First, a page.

Download Tiv.lib: An Open-Source Library for the Tonal Description of Musical Audio
In this paper, we present TIV.lib, an open-source library for the
content-based tonal description of musical audio signals. Its main
novelty relies on the perceptually-inspired Tonal Interval Vector
space based on the Discrete Fourier transform, from which multiple instantaneous and global representations, descriptors and metrics are computed—e.g., harmonic change, dissonance, diatonicity, and musical key. The library is cross-platform, implemented
in Python and the graphical programming language Pure Data, and
can be used in both online and offline scenarios. Of note is its
potential for enhanced Music Information Retrieval, where tonal
descriptors sit at the core of numerous methods and applications.
Download Recognizing Guitar Effects and Their Parameter Settings
Guitar effects are commonly used in popular music to shape the
guitar sound to fit specific genres or to create more variety within
musical compositions. The sound is not only determined by the
choice of the guitar effect, but also heavily depends on the parameter settings of the effect. This paper introduces a method to
estimate the parameter settings of guitar effects, which makes it
possible to reconstruct the effect and its settings from an audio
recording of a guitar. The method utilizes audio feature extraction and shallow neural networks, which are trained on data created specifically for this task. The results show that the method
is generally suited for this task with average estimation errors of
±5% − ±16% of different parameter scales and could potentially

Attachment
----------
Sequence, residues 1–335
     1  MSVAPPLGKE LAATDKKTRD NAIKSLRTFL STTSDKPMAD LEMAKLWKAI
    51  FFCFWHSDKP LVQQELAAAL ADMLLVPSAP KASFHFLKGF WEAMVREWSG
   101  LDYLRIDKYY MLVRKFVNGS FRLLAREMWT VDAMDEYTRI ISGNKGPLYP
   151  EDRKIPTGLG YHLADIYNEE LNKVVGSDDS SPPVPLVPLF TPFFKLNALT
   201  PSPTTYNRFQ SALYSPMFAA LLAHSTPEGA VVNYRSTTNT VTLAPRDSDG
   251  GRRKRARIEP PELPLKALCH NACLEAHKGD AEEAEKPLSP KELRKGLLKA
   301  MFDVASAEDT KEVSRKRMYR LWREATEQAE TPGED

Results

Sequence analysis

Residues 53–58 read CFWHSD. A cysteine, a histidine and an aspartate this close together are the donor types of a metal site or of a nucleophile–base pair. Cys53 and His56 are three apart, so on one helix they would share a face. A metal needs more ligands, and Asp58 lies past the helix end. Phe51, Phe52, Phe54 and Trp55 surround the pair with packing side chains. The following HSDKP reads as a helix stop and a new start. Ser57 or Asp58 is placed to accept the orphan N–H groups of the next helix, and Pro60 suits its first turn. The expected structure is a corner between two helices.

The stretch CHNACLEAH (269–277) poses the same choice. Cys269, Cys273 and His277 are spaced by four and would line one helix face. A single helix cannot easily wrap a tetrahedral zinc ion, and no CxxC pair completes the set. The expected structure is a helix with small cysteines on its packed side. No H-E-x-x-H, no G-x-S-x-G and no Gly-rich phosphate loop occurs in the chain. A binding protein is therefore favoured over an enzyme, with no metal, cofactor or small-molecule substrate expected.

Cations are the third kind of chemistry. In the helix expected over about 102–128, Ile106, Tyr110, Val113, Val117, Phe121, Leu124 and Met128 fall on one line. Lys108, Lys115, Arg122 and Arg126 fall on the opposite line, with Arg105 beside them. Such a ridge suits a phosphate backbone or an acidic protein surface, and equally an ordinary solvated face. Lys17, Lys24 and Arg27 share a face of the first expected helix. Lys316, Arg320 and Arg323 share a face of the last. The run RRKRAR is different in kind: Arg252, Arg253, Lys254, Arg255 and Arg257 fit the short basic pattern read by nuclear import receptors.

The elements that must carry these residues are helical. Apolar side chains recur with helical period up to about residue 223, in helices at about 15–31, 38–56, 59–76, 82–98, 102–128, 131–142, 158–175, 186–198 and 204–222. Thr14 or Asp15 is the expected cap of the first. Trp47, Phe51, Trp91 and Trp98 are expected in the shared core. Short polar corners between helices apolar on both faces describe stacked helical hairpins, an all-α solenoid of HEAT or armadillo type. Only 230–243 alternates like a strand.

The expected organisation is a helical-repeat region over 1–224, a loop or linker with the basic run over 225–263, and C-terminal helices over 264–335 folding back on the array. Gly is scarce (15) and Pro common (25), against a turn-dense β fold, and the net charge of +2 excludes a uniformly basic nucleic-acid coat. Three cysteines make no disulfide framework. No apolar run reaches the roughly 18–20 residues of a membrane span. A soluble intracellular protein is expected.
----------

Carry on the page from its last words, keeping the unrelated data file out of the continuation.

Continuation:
perform near the level of a human expert.
Download Diet Deep Generative Audio Models With Structured Lottery
Deep learning models have provided extremely successful solutions in most audio application fields. However, the high accuracy
of these models comes at the expense of a tremendous computation cost. This aspect is almost always overlooked in evaluating the
quality of proposed models. However, models should not be evaluated without taking into account their complexity. This aspect
is especially critical in audio applications, which heavily relies on
specialized embedded hardware with real-time constraints.
In this paper, we build on recent observations that deep models are highly overparameterized, by studying the lottery ticket hypothesis on deep generative audio models. This hypothesis states
that extremely efficient small sub-networks exist in deep models
and would provide higher accuracy than larger models if trained in
isolation. However, lottery tickets are found by relying on unstructured masking, which means that resulting models do not provide
any gain in either disk size or inference time. Instead, we develop
here a method aimed at performing structured trimming. We show
that this requires to rely on global selection and introduce a specific criterion based on mutual information.
First, we confirm the surprising result that smaller models provide higher accuracy than their large counterparts. We further
show that we can remove up to 95% of the model weights without significant degradation in accuracy. Hence, we can obtain very
light models for generative audio across popular methods such as
Wavenet, SING or DDSP, that are up to 100 times smaller with
commensurate accuracy. We study the theoretical bounds for embedding these models on Raspberry Pi and Arduino, and show that
we can obtain generative models on CPU with equivalent quality
as large GPU models. Finally, we discuss the possibility of implementing deep generative audio models on embedded platforms.